Virtualization Hits the Desktop

Software for creating and running virtual machines on the PC goes mainstream.

There's a good deal of confusion surrounding "desktop" virtualization. For purposes of Virtualization Review magazine, we'll set our definitions now. When we say "desktop virtualization," we're talking about the remote delivery of a user's desktop environment from a server. That is, the terminal is a thin client or dummy, and the desktop image and functionality is delivered from a server.

Virtualization Review believes that vendors are driving much of the innovation in this growing segment of the industry. To that end, we'll be introducing you to new products (and often, new vendors), and perform comparisons of products that fall into a similar category. This month we cover: PC virtualization for your desktop.

Virtualization Review believes that vendors are driving much of the innovation in this growing segment of the industry. To that end, we'll be introducing you to new products (and often, new vendors), and perform comparisons of products that fall into a similar category. This month we cover: PC virtualization for your desktop.

PC virtualization, which we're covering in this review, refers to a desktop operating system that hosts another OS inside it. Thus, all the functionality lives inside the PC, with no server role involved. The OS being hosted is known as the guest. Multiple guests, and multiple OSes, are possible with this setup. The only limitations are the capabilities of the host computer.

Potential uses for this technology include:

  • A need to use an app that isn't available on the host OS
  • Frequent testing or demonstration of software
  • Application compatibility issues; for instance, running an instance of Windows XP inside Windows Vista, when an app won't work with the newer OS.

The test desktop was a dual-core Intel Centrino running at 1.8GHz with 2GB of RAM. I also used other systems on my network to test VM networking and to transfer VMs created on one system to a second one. A powerful system such as this isn't a prerequisite, but the more memory and processing power you have, the better VMs -- and the applications installed on them -- will run.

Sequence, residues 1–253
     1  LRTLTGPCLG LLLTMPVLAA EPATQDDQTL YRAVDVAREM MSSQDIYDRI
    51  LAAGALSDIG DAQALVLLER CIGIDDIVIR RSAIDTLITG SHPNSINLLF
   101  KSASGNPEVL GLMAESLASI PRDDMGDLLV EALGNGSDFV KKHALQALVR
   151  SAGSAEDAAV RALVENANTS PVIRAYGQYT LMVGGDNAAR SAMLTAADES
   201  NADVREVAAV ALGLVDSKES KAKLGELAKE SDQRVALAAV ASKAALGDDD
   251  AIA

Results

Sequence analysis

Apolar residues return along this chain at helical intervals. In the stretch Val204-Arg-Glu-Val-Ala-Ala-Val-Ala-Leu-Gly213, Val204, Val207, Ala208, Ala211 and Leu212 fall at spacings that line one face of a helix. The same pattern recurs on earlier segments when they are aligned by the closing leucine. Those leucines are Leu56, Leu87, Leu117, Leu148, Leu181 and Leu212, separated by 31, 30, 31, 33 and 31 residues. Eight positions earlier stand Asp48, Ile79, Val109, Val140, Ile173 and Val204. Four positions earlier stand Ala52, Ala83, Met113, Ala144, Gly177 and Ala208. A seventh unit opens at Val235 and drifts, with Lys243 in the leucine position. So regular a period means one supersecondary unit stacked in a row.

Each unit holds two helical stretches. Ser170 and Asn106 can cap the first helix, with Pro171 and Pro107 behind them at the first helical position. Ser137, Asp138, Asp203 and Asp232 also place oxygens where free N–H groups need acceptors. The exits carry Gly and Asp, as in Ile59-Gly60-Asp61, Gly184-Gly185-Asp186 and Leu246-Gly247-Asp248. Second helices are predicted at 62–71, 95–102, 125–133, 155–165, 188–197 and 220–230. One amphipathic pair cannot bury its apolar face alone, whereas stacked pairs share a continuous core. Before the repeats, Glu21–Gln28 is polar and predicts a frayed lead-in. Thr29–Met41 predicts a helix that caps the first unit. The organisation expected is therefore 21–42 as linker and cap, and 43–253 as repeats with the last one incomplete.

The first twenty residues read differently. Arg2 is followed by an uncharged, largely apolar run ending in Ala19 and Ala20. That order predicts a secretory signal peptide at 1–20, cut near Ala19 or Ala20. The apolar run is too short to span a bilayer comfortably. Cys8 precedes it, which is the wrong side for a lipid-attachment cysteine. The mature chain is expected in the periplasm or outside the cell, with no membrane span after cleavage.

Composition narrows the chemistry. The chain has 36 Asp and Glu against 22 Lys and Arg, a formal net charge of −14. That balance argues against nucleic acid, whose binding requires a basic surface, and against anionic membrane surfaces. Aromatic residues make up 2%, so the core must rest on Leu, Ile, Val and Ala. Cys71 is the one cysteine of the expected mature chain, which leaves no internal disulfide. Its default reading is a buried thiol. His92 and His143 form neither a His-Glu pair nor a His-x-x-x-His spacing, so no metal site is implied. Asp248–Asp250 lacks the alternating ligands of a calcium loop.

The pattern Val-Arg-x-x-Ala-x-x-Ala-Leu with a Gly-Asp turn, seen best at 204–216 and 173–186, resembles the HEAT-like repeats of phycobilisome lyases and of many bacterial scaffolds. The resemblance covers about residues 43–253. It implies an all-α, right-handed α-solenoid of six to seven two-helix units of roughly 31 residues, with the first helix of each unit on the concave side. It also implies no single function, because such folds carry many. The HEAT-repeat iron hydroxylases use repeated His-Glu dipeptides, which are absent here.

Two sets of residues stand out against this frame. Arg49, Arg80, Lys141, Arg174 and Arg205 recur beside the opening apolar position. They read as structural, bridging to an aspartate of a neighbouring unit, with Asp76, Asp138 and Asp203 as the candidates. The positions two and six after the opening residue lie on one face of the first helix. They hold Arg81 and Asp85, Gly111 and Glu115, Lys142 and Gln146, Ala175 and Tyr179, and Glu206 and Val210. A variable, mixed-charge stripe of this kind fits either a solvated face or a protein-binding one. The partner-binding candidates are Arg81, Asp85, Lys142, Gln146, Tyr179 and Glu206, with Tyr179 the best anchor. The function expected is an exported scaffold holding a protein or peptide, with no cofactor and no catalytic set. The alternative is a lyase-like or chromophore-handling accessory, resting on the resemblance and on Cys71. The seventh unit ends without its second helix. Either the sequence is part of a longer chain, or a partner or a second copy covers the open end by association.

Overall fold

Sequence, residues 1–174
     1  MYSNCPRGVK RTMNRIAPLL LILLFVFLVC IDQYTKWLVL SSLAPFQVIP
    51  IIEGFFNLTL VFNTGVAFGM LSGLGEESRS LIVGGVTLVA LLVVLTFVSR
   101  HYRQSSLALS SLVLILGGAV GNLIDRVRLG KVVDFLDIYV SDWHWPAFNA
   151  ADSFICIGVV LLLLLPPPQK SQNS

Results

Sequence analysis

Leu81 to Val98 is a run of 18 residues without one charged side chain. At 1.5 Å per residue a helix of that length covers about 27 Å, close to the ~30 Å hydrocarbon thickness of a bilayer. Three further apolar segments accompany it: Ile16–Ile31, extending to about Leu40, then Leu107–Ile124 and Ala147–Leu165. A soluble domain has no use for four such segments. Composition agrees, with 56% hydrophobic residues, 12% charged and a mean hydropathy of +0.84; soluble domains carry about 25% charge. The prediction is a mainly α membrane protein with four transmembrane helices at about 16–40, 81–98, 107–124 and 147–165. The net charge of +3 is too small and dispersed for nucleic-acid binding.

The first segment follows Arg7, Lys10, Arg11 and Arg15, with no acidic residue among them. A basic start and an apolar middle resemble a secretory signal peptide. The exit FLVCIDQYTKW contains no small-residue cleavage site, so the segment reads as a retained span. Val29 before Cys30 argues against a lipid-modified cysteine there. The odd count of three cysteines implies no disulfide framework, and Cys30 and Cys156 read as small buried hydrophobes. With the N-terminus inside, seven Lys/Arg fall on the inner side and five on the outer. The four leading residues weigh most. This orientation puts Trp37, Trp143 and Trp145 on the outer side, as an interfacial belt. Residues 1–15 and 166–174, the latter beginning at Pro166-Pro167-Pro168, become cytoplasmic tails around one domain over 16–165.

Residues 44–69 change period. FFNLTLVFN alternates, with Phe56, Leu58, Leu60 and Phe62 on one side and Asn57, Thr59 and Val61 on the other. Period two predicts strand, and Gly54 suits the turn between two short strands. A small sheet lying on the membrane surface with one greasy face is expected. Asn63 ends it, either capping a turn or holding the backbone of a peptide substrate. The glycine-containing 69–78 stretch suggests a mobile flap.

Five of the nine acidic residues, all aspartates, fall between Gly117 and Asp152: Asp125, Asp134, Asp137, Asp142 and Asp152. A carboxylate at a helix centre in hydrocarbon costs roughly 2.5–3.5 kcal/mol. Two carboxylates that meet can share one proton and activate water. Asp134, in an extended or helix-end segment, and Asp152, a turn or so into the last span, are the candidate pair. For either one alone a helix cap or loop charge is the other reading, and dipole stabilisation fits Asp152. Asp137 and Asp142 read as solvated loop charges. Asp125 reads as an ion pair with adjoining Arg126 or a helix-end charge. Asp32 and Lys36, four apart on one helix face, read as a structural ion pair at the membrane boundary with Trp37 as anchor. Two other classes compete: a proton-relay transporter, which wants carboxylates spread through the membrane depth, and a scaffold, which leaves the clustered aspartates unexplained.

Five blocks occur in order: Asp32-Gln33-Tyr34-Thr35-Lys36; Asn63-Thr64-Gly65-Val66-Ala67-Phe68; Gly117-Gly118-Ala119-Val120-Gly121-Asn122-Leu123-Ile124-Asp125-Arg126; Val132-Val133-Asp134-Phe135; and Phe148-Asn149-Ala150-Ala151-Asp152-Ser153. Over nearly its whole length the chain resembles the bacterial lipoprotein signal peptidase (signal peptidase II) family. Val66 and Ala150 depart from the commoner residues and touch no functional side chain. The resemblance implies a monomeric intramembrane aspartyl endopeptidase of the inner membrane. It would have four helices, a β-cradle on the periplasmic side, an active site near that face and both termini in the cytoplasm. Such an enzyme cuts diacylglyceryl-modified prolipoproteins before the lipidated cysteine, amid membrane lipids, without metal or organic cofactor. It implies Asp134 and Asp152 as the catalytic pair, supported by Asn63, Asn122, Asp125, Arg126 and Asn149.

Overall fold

Microsoft Virtual PC 2007
Virtual PC has long been considered a laggard when compared to VMware Workstation in terms of ease of use and support for different configurations, but the 2007 edition makes up a lot of ground. It can be downloaded for free, and it's also provided as part of an MSDN subscription. It's exceptionally quick and easy to install, with no options or parameters.

Once installed and running, you have a simple menu of choices. You can load an existing VM, start an existing VM or create a new VM. If you're going to create a new VM, Virtual PC provides an easy-to-use wizard to walk you through the process. The wizard lets you either create a VM or add an existing VM to the menu.

Key: 1: Virtually inoperable or nonexistent 5: Average, performs adequately 10: Exceptional
  Virtual PC 2007 Parallels Workstation VMware Workstation 6.0.2

Microsoft Corp.


VMware Inc.

Installation (20%) 9.0 9.0 9.0
Features (20%) 7.0 9.0 10.0
Ease of use (20%) 9.0 9.0 9.0
Administration (20%) 8.0 8.0 10.0
Documentation (20%) 8.0 8.0 9.0

Overall Rating

8.2 8.6 9.2

First you choose what operating system you want to install. Virtual PC provides selections for a wide range of Windows OSes, plus, incongruously, OS/2. If you want to install Linux or another OS, simply select the Other option.

The process of selecting an OS doesn't appear to do anything other than tell Virtual PC how much memory and disk space to allocate, which you can then adjust on the next page of the wizard. Of course, the usual rules with any OS apply: The more memory you can allocate, the faster it will run. In this and other reviews, I allocated 0.5GB to each VM, which gave me the ability to run multiple VMs simultaneously. Because Virtual PC uses a hosted hypervisor, you have to make sure the underlying OS has enough memory, too.

Once you've created a VM, or loaded an existing VM into the menu, you can set its properties -- including ports, network interfaces, CD-ROM and floppy drives, sound cards and so on -- to the actual hardware. In practice, most of them just work, even if you transfer the VM image from one machine to another. Virtual PC does a good job of automatically mapping the network and selected I/O to the hardware.

Once you've configured a VM to your satisfaction, you load an OS -- my default was Windows XP -- and launch that VM by pressing the Start button on the console. The OS runs in a window, and your mouse will typically work in that window as it does on the underlying OS.

Performance is better than in Virtual PC 2004, but still lags behind VMware Workstation. While the experience is authentic, you know you're running on a VM because of the performance lag.

Microsoft is starting to use Virtual PC as a way to provide evaluations of its software offerings, especially if they're in beta versions. That's a great way to eliminate the installation hassles for software, especially if you're still in the evaluation stage. Overall, it's not yet the best desktop virtualization solution out there, but it's free, easy to use and works in a wide variety of situations.

Virtual PC 2007
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The Virtual PC 2007 console provides a mature and intuitive interface for working with virtual machines.

Parallels Workstation 2.2
Parallels (formerly SWsoft) has several virtualization products, including the Parallels Workstation that I looked at. This product installs easily and quickly, but requires an activation key in order to use. You can register on the site and receive a 15-day trial activation key.